Background Predinical data suggest that the loop-diuretic bumetanide might be an effective treatment for neonatal seizures. We aimed to assess dose and feasibility of intravenous bumetanide as an add-on to phenobarbital for treatment of neonatal seizures. Methods In this open-label, dose finding, and feasibility phase 1/2 trial, we recruited full-term infants younger than 48 h who had hypoxic ischaemic encephalopathy and electrographic seizures not responding to a loading-dose of phenobarbital from eight neonatal intensive care units across Europe. Newborn babies were allocated to receive an additional dose of phenobarbital and one of four bumetanide dose levels by use of a bivariate Bayesian sequential dose-escalation design to assess safety and efficacy. We assessed adverse events, pharmacokinetics, and seizure burden during 48 h continuous electroencephalogram (EEG) monitoring. The primary efficacy endpoint was a reduction in electrographic seizure burden of more than 80% without the need for rescue antiepileptic drugs in more than 50% of infants. The trial is registered with ClinicalTrials.gov, number NCT01434225. Findings Between Sept 1, 2011, and Sept 28, 2013, we screened 30 infants who had electrographic seizures due to hypoxic ischaemic encephalopathy. 14 of these infants (10 boys) were included in the study (dose allocation: 0.05 mg/kg, n=4; 0.1 mg/kg, n=3; 0. 2 mg/kg, n=6; 0.3 mg/kg, n=1). All babies received at least one dose of bumetanide with the second dose of phenobarbital; three were withdrawn for reasons unrelated to bumetanide, and one because of dehydration. All but one infant also received aminoglycosides. Five infants met EEG criteria for seizure reduction (one on 0.05 mg/kg, one on 0.1 mg/kg and three on 0.2 mg/kg), and only two did not need rescue antiepileptic drugs (ie, met rescue criteria; one on 0.05 mg/kg and one on 0.3 mg/kg). We recorded no short-term dose-limiting toxic effects, but three of 11 surviving infants had hearing impairment confirmed on auditory testing between 17 and 108 days of age. The most common non-serious adverse reactions were moderate dehydration in one, mild hypotension in seven, and mild to moderate electrolyte disturbances in 12 infants. The trial was stopped early because of serious adverse reactions and limited evidence for seizure reduction. Interpretation Our findings suggest that bumetanide as an add-on to phenobarbital does not improve seizure control in newborn infants who have hypoxic ischaemic encephalopathy and might increase the risk of hearing loss, highlighting the risks associated with the off-label use of drugs in newborn infants before safety assessment in controlled trials.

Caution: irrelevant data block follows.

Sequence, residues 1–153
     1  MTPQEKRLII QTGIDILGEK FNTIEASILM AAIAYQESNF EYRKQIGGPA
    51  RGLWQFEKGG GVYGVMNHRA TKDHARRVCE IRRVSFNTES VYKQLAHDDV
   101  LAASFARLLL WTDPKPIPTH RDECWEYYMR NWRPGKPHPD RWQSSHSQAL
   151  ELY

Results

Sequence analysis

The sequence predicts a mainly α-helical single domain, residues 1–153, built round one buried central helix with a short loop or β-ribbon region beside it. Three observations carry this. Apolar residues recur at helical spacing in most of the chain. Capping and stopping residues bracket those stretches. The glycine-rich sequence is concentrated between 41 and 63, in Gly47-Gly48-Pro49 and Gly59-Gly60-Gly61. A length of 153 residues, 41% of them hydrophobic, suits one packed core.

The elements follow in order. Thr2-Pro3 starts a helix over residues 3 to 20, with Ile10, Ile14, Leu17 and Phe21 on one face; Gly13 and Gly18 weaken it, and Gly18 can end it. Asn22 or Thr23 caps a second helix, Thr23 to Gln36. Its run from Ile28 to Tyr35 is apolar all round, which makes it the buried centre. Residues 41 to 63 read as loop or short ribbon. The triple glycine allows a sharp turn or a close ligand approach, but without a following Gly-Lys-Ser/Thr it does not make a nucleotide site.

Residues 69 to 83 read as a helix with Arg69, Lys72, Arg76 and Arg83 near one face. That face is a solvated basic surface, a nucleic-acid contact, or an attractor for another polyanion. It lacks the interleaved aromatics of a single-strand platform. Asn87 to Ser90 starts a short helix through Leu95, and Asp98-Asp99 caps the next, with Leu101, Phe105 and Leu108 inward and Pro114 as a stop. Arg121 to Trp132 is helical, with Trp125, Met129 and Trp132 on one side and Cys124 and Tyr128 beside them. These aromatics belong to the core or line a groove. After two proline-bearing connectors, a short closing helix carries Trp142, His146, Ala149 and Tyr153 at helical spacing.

2015. Vol. 14, no 5, 469-477 p.